Appeal from the United States District Court for the Eastern District of Wisconsin. No. 99-C-1464--Aaron E. Goodstein, Magistrate Judge.
Before Bauer, Easterbrook, and Williams, Circuit Judges.
The opinion of the court was delivered by: Easterbrook, Circuit Judge.
This interlocutory appeal, by permission under 28 U.S.C. sec.1292(b), presents a single question: Whether a prisoner's neglect to take a timely administrative appeal within the state system means that he has failed to exhaust state remedies for purposes of 42 U.S.C. sec.1997e(a). The district court, acting through a magistrate judge following consent under 28 U.S.C. sec.636(c), answered "no." The magistrate judge reasoned that a prisoner exhausts his state remedies by taking all steps that the state requires, whether or not the prisoner complies with the state's rules for form and timeliness of action. We reach the opposite conclusion: unless the prisoner completes the administrative process by following the rules the state has established for that process, exhaustion has not occurred. Any other approach would allow a prisoner to "exhaust" state remedies by spurning them, which would defeat the statutory objective of requiring the prisoner to give the prison administration an opportunity to fix the problem--or to reduce the damages and perhaps to shed light on factual disputes that may arise in litigation even if the prison's solution does not fully satisfy the prisoner. See Porter v. Nussle, 122 S. Ct. 983 (2002); Booth v. Churner, 532 U.S. 731 (2001). McCoy v. Gilbert, 270 F.3d 503, 508 (7th Cir. 2001), foreshadows this conclusion.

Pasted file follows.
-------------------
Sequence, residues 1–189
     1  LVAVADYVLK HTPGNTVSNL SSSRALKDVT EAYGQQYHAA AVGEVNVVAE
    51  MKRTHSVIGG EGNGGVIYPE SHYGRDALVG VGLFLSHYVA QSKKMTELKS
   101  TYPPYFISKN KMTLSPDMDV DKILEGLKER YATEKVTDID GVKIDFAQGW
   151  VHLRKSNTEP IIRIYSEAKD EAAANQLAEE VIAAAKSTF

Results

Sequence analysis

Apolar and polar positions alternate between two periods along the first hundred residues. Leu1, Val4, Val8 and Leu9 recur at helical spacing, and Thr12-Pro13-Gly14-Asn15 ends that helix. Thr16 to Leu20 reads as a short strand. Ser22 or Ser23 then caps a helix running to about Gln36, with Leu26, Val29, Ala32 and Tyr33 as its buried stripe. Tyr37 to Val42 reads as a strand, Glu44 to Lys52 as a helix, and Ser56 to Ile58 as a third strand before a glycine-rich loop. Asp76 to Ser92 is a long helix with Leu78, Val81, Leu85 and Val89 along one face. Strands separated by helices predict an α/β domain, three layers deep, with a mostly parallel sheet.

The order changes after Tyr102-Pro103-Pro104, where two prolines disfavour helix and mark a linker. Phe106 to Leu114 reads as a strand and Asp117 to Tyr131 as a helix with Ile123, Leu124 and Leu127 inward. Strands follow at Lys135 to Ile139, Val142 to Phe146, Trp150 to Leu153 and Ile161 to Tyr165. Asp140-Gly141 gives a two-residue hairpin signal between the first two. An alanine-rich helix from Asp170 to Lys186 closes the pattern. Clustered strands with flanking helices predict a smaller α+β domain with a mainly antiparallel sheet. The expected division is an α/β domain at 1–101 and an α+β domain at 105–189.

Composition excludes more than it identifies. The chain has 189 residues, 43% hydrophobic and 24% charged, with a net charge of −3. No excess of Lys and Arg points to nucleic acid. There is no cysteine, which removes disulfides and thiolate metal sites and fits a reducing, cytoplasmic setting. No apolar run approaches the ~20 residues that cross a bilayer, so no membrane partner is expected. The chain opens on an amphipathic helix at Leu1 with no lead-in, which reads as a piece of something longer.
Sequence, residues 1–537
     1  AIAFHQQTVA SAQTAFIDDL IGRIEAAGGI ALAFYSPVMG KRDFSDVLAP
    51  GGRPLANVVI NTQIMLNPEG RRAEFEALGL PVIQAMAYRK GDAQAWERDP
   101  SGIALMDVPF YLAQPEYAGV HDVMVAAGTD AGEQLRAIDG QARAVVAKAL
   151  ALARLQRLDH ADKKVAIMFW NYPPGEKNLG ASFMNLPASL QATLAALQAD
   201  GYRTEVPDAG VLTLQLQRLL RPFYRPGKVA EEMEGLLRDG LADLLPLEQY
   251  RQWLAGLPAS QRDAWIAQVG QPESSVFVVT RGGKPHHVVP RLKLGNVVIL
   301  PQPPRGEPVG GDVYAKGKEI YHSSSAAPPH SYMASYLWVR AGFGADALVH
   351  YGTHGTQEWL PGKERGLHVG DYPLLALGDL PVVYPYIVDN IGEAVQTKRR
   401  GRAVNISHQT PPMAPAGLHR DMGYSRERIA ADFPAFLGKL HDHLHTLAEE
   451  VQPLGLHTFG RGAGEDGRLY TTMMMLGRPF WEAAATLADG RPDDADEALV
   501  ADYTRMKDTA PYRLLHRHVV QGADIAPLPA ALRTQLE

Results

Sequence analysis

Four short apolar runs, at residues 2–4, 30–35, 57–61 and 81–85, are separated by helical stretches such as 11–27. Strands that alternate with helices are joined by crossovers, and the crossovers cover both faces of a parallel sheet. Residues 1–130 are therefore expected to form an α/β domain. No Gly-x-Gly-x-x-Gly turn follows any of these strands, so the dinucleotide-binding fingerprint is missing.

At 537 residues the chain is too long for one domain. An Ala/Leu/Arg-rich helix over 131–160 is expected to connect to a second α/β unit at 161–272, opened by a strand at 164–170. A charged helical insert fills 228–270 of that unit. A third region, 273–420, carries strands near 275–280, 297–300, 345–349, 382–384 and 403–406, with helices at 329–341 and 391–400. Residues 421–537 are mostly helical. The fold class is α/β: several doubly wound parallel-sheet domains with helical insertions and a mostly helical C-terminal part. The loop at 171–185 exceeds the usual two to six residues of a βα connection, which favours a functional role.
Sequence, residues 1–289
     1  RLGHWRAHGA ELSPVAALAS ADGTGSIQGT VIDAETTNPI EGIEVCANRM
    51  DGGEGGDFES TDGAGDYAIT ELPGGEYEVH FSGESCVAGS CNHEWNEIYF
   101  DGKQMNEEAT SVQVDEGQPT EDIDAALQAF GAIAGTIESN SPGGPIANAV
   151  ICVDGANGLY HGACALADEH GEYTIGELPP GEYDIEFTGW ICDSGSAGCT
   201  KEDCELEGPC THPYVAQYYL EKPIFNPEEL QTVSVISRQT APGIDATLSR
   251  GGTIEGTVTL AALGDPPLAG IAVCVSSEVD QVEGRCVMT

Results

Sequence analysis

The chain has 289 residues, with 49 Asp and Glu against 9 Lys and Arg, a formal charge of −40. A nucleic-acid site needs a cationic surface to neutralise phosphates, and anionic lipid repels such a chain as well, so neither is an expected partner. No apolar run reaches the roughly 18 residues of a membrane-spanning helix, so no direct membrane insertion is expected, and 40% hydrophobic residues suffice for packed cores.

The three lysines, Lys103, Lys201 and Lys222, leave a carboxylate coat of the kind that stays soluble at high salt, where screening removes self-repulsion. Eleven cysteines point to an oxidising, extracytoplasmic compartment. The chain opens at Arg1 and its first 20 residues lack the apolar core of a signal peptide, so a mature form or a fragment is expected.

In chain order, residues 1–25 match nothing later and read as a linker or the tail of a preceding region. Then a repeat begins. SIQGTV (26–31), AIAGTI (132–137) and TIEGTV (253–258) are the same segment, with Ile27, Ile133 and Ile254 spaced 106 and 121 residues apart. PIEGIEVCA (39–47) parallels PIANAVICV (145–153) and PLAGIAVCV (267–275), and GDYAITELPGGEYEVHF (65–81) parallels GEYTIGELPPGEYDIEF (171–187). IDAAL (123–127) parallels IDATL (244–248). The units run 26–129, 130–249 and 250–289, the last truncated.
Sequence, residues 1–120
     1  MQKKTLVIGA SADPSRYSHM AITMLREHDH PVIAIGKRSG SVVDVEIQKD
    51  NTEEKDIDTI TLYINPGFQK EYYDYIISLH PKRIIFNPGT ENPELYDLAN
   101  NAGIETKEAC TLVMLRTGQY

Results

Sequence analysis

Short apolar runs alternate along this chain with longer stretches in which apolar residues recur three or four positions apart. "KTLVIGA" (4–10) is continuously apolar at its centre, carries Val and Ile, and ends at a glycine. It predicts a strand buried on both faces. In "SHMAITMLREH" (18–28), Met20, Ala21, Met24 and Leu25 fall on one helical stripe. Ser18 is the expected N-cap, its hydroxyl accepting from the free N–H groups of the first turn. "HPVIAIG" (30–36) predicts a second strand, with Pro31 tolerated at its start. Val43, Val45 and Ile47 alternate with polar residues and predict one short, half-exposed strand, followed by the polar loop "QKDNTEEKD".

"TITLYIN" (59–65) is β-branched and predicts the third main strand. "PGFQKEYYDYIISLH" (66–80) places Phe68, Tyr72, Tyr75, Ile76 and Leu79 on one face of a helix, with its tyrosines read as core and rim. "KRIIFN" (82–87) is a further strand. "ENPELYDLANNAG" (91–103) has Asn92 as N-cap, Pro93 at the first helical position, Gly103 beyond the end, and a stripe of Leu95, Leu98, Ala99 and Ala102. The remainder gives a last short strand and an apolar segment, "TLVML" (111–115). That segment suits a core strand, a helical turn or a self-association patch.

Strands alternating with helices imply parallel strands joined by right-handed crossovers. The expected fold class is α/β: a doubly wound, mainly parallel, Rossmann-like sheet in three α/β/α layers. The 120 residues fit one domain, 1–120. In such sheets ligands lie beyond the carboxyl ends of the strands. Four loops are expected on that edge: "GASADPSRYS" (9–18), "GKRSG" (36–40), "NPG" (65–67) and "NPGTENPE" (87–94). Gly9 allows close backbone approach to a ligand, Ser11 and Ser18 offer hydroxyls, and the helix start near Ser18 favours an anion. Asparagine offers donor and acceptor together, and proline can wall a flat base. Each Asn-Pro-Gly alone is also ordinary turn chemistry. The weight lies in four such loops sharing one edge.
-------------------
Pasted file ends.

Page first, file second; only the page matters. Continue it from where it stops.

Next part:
Now we make it definitive. See also Marsh v. Jones, 53 F.3d 707, 710 (5th Cir. 1995); Harper v. Jenkin, 179 F.3d 1311 (11th Cir. 1999). The argument on the other side is that "exhaustion" carries two senses. One, from administrative law, is that exhaustion means using all steps that the agency holds out, and doing so properly (so that the agency addresses the issues on the merits). The other, until recently the norm in the law of collateral attack, is that a prisoner exhausts state judicial remedies by using whatever is available at the moment; if no remedies are left, then the challenge may proceed in federal court. See Engle v. Isaac, 456 U.S. 107, 125-26 n.28 (1982). The magistrate judge applied to sec.1997e(a) the old understanding for collateral attacks, rather than the norm for administrative law. We call it the "old" understanding for collateral attacks because it was jettisoned by O'Sullivan v. Boerckel, 526 U.S. 838 (1999). The Supreme Court held in Boerckel that to "exhaust" state judicial remedies, for purposes of 28 U.S.C. sec.2254(b)(1), a prisoner must use all available avenues of review. Thus a prisoner who did not ask the state's highest court to grant discretionary review in his case may well have no state remedies left, but his failure to use those the state had offered means that he did not exhaust those remedies. Thisholding merges the collateral-attack and administrative-law understandings of exhaustion. After Boerckel, a procedural default also means failure to exhaust one's remedies.